11 of 12 people found the following review helpful
My husband likes it. I think it’s s***e.
By ******** ****** on 25 Nov. 2013
Format: Audio CD
The music is very basic. They keep singing about people I’ve never heard of. When I say singing I’m not sure you could really call it singing. My family and I have had to listen to this album for hours on end driving through France on holiday.
We are getting sick of it, but it does give my husband endless pleasure. He laughs a lot and tries to get us to sing with him. We sometimes do, it is catchy in a football chant sort of way, but I do feel a little bit sick and empty afterwards. 
More than Anne Briggs, Ian Dury and Queen, who I’m a massive fan of, this makes me think of Englishness… The song seems over-clever and flippant, but it’s bitter and very funny, which is very English: pathos disguised by wit and emotional detachment. It’s like a camera flying over the country, zooming in and out; like watching a film of England.” – Eliza Carthy
The difference between us and all the other bands… is that we’re different”
Girlfriend’s Finished With Him, HMHB
Somewhere between these reviews lives the reality of Half Man Half Biscuit, a band so quixotically different that their gig advert notes it would be imperative to invent them if they did not already exist.
Ben Myers described Half Man Half Biscuit as lyrically “iconoclastic in their total avoidance of cliche”. Writing anything about them is in inherent danger of breaking this standard, so I offer only three thoughts:
It is not possible to “quite like” HMHB. Like the first review, you either get them or you don’t. If you don’t, nothing will save them; if you do, you will start seeing Perpetual Biscuit References (PBRs) everywhere. I have only had the High Fidelity experience of having an independent record shop employee approve of my purchase once in my life. It was when buying a HMHB album in Oxfordshire and it was so extreme that I had trouble escaping the conversation. Admittedly, I had showed that I understood the reference to an early HMHB song that the employee made but I still did not expect this to mean that I was still standing there some time later listening to the finer details of HMHB’s manager’s approach to t-shirt sales at their last gig whilst looking meaningfully at my watch.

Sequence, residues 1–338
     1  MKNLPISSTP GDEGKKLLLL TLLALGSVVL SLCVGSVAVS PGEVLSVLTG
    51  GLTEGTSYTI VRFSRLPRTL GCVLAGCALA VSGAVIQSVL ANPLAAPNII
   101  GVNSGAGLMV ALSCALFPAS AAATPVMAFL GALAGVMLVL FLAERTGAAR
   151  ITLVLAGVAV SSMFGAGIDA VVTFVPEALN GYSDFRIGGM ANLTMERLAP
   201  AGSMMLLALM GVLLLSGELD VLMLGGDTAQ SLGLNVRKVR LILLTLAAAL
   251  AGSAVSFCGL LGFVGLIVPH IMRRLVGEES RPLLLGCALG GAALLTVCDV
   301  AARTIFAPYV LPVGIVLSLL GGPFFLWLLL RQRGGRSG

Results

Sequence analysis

I’ve only been to one HMHB gig. It was not exactly a standard gig experience. For a start, I could easily look down the road outside the venue and accurately pick out everyone going to the same gig as me (and it wasn’t just the Dukla Prague Away kits). At times, it was possible that the audience knew the words better than the band. They started the gig with “When the evening sun goes down,” which has the best opening lines of any song at a gig (“I shout all my obscenities from steeples/but please don’t label me a madman”). They had a new album out but played no songs from it until the encore, at which point they sang two new songs to rapturous applause and then became the only gig I’ve ever attended to end with a perfect rendition of Calon Lân. (Note: If I ever become ruler of the world, this is how all gigs will be mandated to end.)
As the a to z of Half Man Half Biscuit proudly notes, there is no HMHB Greatest Hits. There is probably no band in existence less likely to issue a Greatest Hits. The closest I can imagine them coming to doing this is recording 12 Boyzone covers and issuing them under that title to confuse people. I have instead compiled a Spotify playlist of 4o tracks and two hours of my favourite HMHB moments . This includes rude words and is especially soothing on train journeys involving inexplicable delays or traffic jams on grumpy Friday morning journeys into work .
 This was a genuine Amazon review, which now appears to have been taken offline. I have a screenshot, but I’m not posting that for accessibility reasons and also in order to not needlessly display the identity of someone who has removed their account.
 This is not the same as the best opening line to an album. Everyone [i.e.only me] knows that Armed Forces by Elvis Costello and the Attractions features both the best opening and the best closing line of any album (“Oh I just don’t know where to begin”/”What’s so funny ’bout peace, love and understanding?”).
 Two geeky provisos: the Kershaw/Peel session versions are often better but aren’t on Spotify and there is one alleged cover version in this list. In a typical HMHB twist, attempts to identify the claimed original author have met with failure and speculation swirls that it’s not actually a cover version but was a biscuit original all along.
 I work in Newport, mentioned on Lord Hereford’s Knob, which is where the title for this post came from, which takes us back to the beginning. January the 6th. Epiphany. By now you might be starting to understand what I meant about PBRs.
Header image by Kevan Davis CC BY 2.0, via Wikimedia Commons